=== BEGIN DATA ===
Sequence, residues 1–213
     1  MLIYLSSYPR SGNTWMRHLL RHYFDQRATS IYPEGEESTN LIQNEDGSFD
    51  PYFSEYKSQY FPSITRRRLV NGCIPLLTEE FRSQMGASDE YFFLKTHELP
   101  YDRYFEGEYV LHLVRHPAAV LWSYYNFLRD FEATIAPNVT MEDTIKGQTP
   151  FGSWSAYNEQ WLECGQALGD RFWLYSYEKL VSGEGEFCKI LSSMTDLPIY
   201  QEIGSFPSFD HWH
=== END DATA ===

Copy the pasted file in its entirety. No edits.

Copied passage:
Sequence, residues 1–213
     1  MLIYLSSYPR SGNTWMRHLL RHYFDQRATS IYPEGEESTN LIQNEDGSFD
    51  PYFSEYKSQY FPSITRRRLV NGCIPLLTEE FRSQMGASDE YFFLKTHELP
   101  YDRYFEGEYV LHLVRHPAAV LWSYYNFLRD FEATIAPNVT MEDTIKGQTP
   151  FGSWSAYNEQ WLECGQALGD RFWLYSYEKL VSGEGEFCKI LSSMTDLPIY
   201  QEIGSFPSFD HWH